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A Guide to Tsumago

A Guide to Tsumago
  • Tsumago is an old post town steeped in history. Set along Kiso Valley in the southern corner of Nagano Prefecture, the town was a main stop-off point for travellers along the Nakasendo route which was one of the main roads to travel by foot between Tokyo and Kyoto during the Edo period. One of the most authentically preserved of the post towns in the Kiso Valley, Tsumago takes visitors 300 hundred years back in time with its pedestrianised street boasting a notable lack of telephone wires and vending machines, a rare find in modern day Japan.

    A Guide to Tsumago

    A Guide to Tsumago

    A Guide to Tsumago

    A Guide to Tsumago

    Tsumago was the first of the post towns along the Nakasendo to start a preservation program, which started in the 1970s. Terashita Street, the main route through the town, is now lined with restored wooden buildings which house shops, restaurants, and traditional guest houses where you can find everything from local sake and Japanese sweets to soba restaurants and pubs. The must-try snacks on a trip to the Kiso Valley are kuri (Japanese chestnuts), whether roasted in their shells or creamed into a delicious cake, and gohei-mochi, a sweet and savoury sticky rice cake served up on a stick.

    A Guide to Tsumago

    A Guide to Tsumago

    A Guide to Tsumago

    A Guide to Tsumago

    On entering the town you’ll come across the kosatsuba, which was used as the official bulletin board when the Nakasendo route was in use. The board has been reconstructed to give an idea of the types of laws and rules that were clearly stated for travellers passing through, including the likes of banning Christians from the route. Like many of the post towns, Tsumago was home to a Honjin and Waki-honjin which were high class inns reserved solely for the most superior of guests travelling the Nakasendo way. Tsumago’s Honjin and Waki-honjin are some of the best preserved along the route and both house museums consisting of old documents and traditional clothing that can be seen for a 700-yen visit around the sophisticated buildings.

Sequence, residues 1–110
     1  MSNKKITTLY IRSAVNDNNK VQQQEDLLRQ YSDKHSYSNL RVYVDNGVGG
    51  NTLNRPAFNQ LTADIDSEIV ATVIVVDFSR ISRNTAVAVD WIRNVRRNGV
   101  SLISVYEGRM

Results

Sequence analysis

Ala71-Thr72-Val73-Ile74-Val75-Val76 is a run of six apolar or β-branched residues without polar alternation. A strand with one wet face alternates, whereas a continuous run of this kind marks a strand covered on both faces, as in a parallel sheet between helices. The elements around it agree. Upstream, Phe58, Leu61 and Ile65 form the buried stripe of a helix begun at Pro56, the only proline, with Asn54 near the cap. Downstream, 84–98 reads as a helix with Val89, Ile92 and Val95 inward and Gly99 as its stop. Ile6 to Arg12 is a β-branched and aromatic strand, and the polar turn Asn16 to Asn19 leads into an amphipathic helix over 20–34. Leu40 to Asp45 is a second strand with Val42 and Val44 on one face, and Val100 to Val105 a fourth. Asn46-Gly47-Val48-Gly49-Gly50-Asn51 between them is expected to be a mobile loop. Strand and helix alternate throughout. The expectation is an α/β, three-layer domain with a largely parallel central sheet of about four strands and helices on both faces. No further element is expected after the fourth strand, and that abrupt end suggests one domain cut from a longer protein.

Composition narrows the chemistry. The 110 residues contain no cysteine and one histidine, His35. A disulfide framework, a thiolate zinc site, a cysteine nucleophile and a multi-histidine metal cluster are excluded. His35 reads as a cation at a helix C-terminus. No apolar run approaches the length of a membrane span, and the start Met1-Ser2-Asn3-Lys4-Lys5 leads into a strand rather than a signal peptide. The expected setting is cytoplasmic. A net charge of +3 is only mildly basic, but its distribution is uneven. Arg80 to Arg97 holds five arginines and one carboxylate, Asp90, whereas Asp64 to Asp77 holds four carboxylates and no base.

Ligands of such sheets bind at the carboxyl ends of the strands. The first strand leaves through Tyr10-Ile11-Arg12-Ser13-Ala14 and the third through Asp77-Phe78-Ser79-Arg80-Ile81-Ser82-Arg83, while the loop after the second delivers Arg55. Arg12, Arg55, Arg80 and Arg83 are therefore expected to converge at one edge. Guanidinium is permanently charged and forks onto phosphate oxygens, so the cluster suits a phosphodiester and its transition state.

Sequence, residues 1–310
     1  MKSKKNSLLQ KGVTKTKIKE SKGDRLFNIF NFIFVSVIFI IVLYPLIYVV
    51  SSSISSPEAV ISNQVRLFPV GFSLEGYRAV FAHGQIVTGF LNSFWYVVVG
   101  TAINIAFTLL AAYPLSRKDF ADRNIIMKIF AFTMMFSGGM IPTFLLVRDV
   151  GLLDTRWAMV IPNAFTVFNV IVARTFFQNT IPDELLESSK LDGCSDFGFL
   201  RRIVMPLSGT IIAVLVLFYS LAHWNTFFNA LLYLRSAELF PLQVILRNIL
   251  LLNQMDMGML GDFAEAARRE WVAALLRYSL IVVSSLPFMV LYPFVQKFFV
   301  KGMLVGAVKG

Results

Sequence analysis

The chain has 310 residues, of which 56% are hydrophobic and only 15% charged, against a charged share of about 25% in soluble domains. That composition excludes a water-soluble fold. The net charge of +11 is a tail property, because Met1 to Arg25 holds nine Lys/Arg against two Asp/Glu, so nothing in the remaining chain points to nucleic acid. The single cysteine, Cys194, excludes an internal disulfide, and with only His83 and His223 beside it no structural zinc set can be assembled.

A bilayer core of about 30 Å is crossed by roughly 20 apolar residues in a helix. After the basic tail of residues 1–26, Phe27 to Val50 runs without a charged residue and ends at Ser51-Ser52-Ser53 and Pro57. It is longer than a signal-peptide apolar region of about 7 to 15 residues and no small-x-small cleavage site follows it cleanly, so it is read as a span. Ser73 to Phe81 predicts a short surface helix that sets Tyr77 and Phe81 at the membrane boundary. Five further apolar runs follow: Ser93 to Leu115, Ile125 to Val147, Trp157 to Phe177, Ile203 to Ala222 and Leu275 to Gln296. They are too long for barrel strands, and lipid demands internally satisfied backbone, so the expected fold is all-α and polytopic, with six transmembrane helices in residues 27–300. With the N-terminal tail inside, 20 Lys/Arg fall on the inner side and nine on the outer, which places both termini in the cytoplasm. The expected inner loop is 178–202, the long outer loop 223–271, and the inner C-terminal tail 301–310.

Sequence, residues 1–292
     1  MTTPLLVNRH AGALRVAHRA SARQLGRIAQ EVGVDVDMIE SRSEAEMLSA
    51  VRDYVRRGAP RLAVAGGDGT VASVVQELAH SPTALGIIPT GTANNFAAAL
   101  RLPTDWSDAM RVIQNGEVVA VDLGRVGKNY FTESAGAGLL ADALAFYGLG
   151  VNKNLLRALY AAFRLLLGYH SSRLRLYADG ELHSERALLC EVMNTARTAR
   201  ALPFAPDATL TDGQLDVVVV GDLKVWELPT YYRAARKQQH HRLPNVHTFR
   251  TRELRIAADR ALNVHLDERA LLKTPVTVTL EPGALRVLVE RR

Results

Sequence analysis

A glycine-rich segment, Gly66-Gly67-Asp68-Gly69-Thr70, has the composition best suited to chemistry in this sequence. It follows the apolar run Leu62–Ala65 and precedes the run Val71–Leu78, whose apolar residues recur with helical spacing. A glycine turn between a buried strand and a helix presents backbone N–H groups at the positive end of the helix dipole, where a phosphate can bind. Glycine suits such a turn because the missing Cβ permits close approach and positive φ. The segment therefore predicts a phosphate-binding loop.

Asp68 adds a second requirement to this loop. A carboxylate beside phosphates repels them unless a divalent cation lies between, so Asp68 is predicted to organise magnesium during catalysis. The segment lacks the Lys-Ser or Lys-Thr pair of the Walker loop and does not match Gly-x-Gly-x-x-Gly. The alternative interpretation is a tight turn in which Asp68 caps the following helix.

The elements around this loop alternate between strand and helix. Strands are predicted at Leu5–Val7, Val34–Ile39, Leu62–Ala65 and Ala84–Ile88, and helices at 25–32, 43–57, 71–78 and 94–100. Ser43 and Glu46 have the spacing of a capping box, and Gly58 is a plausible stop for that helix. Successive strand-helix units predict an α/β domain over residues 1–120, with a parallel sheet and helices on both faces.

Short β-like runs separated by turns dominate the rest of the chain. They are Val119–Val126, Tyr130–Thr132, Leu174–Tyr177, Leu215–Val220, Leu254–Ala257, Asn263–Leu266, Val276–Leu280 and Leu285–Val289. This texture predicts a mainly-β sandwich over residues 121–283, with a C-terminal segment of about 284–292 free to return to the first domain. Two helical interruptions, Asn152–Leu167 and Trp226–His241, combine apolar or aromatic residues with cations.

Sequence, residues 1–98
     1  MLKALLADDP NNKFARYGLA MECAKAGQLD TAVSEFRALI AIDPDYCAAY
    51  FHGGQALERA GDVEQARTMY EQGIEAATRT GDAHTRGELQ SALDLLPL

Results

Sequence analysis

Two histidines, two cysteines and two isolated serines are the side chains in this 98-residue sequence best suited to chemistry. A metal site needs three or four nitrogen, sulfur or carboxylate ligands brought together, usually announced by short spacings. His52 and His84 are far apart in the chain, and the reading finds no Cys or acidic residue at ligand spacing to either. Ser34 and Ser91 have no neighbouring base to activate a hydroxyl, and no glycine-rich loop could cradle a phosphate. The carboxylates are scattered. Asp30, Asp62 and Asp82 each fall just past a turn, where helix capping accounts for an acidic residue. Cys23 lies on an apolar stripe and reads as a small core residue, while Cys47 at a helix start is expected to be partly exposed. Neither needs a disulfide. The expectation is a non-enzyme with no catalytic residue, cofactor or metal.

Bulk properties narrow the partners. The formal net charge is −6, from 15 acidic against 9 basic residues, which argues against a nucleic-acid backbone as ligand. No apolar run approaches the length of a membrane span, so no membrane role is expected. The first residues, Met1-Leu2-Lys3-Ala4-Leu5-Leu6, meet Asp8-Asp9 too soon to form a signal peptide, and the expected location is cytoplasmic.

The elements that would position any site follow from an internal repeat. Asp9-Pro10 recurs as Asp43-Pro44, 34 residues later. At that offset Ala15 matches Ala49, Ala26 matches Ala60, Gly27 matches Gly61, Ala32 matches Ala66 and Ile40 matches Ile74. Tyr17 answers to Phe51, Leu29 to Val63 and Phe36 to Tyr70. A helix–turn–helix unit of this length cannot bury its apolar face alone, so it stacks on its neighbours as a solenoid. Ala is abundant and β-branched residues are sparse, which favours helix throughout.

A Guide to Tsumago

    A Guide to Tsumago

    Along the main stretch there are several buildings which were home to important people back in the Edo period. As well as taking a look inside these fascinating old houses, don’t hesitate to slip off down the web of side streets along Terashita Street. Tucked away in the hillside you’ll find Kotoku-ji Temple which was built around 1500 and is believed to have been frequented by passing travellers. A little further east lies the Enmei-jizo statue. While it may look less impressive than the temples, legend has it that visiting the statue can extend your life, which explains the crowds of suspicious visitors journeying up to the humble statue.

    A Guide to Tsumago

    A Guide to Tsumago

    The surrounding forests and mountains of Tsumago can be easily enjoyed from the town itself. However, to really delve into the Kiso Valley nature and step into the shoes of travellers from old times it’s worth dropping your luggage off at a locker in the parking area or the Tourist Information Centre and walking a part of the Nakasendo route. If you’re just looking for a couple of hours of walking, the route between Tsumago and Magome is one of the most hiked parts of the route. The pretty stone path winds through woodland for around seven kilometres bringing you out at Magome.

    Tsumago-juku
    Address
    Nagano Pref. Kisogunnagisomachi Aduma 2159-2
    Phone
    0264573123
    中山道
    Address
    長野県木曽郡南木曽町
    Phone
    Honjin (Tsumago Juku)
    Address
    Nagano Pref. Kisogunnagisomachi Aduma
    Phone
    0264573123
  • Kotokuji Temple
    Address
    Nagano Pref. Kisogunnagisomachi Aduma 605
    Phone
    0264573046
    Enmei Jizo
    Address
    Nagano Kiso-gun
    Phone
    0264573046
    Magome Kankokyokai
    Address
    Gifu Pref. Nakatsugawashi Magome 4300-1
    Phone
    0573692336
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